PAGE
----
Many agencies go through their entire career without ever facing an E&O claim. For many others, they can count the number of E&O claims they faced during their career on one hand and probably have a finger or two left over. Certainly, kudos to those agencies; that is a tremendous accomplishment. However, just because your agency has had a solid track record over a long period of time does not mean that there aren’t some things to learn (and do) to enhance your E&O culture.
Virtually every agency has had a close call in the recent past. Possibly, you had a client that had a claim denied and alleged that they “were positive” they bought the necessary coverage. This happens often. Face it – if every client bought all the coverages necessary, the number of E&O claims would shrink considerably. “Failure to provide the proper coverage” is the #1 cause of E&O claims today and probably has been for the last 50 years.
These “close calls” are oftentimes, a situation where the client suffers a loss and finds out that they did not have the proper coverage or the proper limit. When these situations occur, agencies would be wise to dissect them to determine what the agency did right and what could they have done better. To be able to look at these scenarios in depth, it is important the agency have a culture that encourages these issues be brought to management’s attention. This cannot be overstated enough. I worked in an agency back in the 70’s where if you brought a problem to the boss’s attention, the pink slip was next. So, what do you do? You don’t say anything and hope the matter goes away. That is not a desirable E&O culture.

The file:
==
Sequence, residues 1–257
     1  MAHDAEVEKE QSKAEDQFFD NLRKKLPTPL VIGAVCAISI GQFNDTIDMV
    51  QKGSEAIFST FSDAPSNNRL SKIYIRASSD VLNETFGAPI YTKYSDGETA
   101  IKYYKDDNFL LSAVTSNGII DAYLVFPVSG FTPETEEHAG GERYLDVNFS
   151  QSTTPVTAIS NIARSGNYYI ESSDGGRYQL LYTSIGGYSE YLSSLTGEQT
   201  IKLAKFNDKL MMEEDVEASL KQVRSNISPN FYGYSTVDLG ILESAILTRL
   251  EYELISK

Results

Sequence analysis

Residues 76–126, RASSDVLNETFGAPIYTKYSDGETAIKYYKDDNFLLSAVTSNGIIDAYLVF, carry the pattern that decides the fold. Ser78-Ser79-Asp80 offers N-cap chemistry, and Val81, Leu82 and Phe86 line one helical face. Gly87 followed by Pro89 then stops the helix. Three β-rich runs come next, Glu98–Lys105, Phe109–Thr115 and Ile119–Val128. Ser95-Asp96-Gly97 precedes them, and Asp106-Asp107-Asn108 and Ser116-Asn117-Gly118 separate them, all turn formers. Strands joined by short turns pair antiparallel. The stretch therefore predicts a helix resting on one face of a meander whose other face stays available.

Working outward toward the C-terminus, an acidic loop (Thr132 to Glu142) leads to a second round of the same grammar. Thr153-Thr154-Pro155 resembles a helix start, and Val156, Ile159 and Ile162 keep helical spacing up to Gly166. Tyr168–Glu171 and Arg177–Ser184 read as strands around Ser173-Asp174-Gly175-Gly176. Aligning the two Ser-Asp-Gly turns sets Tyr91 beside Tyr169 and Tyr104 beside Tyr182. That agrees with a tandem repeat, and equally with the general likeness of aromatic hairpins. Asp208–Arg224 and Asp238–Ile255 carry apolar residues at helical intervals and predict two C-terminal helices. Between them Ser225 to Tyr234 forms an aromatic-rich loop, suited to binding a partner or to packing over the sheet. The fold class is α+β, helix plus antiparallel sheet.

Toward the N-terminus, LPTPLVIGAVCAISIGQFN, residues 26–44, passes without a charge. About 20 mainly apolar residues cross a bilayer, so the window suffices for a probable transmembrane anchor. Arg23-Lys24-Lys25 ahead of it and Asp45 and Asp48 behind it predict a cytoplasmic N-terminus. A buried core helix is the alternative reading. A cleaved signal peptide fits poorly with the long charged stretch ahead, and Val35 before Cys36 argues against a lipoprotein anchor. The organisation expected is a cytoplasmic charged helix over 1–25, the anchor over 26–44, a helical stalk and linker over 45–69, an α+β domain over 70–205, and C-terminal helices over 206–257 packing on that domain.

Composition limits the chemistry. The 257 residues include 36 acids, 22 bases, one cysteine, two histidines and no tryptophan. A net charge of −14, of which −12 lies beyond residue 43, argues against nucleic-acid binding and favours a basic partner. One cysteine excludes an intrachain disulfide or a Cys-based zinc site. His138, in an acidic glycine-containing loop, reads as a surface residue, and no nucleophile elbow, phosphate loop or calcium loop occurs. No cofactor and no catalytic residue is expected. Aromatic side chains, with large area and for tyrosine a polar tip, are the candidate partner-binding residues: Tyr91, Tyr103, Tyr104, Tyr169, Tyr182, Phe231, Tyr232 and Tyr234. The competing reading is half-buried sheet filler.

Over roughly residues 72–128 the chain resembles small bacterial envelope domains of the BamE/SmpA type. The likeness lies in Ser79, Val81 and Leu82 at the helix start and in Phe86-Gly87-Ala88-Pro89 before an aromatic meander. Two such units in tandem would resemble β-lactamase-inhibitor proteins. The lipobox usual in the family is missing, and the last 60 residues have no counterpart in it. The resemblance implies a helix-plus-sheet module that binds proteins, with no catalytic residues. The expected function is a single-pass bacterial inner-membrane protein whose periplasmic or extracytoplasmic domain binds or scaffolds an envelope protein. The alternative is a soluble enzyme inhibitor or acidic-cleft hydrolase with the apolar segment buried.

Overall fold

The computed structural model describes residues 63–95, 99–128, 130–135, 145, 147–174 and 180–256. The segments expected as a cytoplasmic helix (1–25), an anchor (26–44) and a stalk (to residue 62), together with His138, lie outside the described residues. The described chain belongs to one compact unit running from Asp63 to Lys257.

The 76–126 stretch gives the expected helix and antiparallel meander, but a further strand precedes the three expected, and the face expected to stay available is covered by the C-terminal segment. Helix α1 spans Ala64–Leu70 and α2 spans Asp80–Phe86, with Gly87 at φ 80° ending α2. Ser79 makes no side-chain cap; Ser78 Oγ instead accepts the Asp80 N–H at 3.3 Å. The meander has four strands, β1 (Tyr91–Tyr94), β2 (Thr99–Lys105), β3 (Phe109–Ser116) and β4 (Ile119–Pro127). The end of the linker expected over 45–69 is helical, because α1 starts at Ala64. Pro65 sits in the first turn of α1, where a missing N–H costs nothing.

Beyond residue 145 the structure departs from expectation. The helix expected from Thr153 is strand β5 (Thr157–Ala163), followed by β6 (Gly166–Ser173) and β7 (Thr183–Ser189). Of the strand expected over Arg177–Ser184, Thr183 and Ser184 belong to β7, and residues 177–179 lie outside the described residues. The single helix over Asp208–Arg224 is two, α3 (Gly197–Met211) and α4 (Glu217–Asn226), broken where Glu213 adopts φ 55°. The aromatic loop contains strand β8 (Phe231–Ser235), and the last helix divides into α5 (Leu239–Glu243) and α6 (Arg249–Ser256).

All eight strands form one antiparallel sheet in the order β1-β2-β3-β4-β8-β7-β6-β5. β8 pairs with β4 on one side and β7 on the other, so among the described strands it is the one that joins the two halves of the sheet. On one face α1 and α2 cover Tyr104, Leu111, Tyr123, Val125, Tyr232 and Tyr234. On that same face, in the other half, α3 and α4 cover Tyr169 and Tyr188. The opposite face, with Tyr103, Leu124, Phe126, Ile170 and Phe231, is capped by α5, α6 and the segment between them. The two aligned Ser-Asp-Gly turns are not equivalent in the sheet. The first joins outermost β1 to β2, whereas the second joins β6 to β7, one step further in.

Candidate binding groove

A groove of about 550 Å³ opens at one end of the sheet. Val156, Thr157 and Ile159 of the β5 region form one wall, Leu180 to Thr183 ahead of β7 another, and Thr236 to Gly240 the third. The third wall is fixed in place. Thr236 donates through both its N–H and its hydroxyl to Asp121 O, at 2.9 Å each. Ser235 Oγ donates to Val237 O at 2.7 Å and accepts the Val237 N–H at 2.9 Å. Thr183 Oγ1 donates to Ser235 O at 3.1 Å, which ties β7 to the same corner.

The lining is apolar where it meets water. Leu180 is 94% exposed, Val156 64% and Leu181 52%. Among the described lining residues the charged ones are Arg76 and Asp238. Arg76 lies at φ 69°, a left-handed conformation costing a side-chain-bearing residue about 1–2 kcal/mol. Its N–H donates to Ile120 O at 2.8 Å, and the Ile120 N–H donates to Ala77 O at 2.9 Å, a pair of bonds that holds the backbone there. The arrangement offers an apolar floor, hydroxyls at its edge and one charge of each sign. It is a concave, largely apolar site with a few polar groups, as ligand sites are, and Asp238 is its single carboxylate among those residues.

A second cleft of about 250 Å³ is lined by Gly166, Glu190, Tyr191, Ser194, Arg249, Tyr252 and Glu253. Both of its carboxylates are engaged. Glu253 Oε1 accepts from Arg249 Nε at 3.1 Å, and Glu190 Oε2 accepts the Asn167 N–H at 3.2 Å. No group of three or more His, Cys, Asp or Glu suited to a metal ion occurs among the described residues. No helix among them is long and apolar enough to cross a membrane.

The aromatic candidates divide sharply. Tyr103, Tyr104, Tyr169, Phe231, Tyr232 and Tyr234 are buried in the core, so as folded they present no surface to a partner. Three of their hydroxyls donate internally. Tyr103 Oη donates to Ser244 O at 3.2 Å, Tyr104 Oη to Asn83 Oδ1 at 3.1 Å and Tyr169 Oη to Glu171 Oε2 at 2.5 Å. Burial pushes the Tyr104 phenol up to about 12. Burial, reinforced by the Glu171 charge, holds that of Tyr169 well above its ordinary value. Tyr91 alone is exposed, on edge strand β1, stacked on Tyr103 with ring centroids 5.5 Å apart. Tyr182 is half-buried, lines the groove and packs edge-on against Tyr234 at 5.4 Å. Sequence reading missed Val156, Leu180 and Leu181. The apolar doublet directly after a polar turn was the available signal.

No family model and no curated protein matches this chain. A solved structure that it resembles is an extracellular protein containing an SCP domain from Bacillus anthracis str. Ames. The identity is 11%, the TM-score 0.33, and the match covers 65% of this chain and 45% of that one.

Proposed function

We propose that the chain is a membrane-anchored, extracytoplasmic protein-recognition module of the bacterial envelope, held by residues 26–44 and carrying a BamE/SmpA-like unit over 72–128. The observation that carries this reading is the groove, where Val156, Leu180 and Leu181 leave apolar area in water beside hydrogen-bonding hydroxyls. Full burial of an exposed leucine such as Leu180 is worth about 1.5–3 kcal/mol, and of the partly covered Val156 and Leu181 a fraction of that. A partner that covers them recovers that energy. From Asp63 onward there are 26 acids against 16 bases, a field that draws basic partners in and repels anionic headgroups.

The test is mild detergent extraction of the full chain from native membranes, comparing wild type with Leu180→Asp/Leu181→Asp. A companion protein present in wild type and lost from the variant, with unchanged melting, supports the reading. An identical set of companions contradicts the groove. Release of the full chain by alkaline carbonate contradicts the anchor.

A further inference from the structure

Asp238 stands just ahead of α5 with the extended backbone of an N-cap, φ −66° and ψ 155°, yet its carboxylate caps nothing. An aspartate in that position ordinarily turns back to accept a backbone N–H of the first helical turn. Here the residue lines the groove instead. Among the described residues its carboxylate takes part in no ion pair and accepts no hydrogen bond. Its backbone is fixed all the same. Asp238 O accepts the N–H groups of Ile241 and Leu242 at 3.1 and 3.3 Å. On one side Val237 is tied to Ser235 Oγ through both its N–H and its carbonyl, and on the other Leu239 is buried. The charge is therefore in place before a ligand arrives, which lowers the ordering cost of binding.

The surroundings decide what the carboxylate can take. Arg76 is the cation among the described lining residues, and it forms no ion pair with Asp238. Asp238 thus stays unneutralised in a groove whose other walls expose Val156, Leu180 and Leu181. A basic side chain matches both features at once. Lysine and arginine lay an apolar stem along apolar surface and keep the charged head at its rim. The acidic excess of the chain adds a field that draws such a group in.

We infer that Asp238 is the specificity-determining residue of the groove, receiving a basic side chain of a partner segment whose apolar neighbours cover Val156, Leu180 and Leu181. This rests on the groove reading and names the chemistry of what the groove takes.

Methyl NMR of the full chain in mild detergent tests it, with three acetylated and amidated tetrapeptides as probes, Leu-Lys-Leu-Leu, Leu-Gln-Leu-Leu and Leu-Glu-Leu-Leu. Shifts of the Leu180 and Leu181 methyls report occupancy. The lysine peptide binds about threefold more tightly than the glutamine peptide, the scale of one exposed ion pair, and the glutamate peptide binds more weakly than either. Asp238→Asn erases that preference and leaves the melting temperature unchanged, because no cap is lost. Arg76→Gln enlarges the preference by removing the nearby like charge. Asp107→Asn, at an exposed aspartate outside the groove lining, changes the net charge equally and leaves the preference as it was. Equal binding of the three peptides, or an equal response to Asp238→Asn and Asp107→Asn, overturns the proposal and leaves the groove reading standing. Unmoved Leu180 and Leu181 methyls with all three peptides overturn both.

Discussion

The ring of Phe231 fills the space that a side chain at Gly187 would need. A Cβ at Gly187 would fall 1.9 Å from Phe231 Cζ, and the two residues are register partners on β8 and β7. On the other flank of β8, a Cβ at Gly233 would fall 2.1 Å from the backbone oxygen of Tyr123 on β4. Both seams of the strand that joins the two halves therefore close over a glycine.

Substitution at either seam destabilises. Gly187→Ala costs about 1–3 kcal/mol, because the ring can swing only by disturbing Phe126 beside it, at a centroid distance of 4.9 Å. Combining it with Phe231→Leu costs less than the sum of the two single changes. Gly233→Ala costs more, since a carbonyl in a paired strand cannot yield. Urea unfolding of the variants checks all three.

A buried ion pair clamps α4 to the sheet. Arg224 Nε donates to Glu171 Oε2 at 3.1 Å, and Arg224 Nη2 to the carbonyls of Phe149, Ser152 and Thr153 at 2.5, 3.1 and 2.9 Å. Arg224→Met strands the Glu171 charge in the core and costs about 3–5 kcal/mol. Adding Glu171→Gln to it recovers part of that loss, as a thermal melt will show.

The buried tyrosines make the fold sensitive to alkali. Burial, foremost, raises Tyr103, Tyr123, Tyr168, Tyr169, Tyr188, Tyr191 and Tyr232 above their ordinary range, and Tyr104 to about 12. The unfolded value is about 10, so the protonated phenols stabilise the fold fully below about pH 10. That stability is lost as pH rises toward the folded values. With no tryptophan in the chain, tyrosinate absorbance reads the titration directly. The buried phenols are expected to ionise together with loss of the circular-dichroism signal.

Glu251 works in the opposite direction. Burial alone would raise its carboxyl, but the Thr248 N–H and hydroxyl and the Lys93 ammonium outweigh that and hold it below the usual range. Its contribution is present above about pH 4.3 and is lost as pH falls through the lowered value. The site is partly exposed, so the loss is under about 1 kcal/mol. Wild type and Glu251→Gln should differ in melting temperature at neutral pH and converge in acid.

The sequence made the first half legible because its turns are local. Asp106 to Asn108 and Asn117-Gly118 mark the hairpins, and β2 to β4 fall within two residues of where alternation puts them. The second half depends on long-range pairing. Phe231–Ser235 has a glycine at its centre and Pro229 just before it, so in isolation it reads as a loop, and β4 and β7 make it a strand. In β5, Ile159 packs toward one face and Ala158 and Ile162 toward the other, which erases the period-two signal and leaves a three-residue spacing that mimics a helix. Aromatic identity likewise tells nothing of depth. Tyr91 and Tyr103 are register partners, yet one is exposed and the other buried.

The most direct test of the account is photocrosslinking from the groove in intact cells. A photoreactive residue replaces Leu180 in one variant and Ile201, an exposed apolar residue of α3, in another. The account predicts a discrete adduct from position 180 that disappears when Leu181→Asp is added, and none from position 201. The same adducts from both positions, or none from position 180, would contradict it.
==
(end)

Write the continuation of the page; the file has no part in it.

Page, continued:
When a client’s claim gets denied, these are situations worthy of an in-depth review for a couple of reasons. One of those reasons is “what can we learn from this situation?”. Did the loss involve a type of coverage that was never offered to the client? If so, adding this type of exposure to your exposure analysis questionnaire (for new and renewal) will hopefully ensure that the situation does not repeat itself for that client or any other one. Possibly, the procedure in the agency is to “renew as is”. This is a very dangerous position to take especially in light of client’s exposures changing on a frequent basis. Addressing this moving forward, it is suggested the agency send out an annual renewal questionnaire to the client asking if any exposures have changed.
Very possibly on those situations where a client’s loss is denied, there is clear evidence and documentation in the file showing the offering and the client’s signature on the refusal of coverage. These are great situations to discuss with the staff as it shows the power and value of doing the right thing and following agency procedure. Face it, when a client suffers a loss and finds out it is not covered, who are they going to blame? You – After all, you are their agent. They may look to bring an E&O action against your agency until you show them their signature on the document refusing the coverage.
When a close call occurs, examine it to determine what went right and what could the agency do better. These are great opportunities to ensure the situation does not happen again.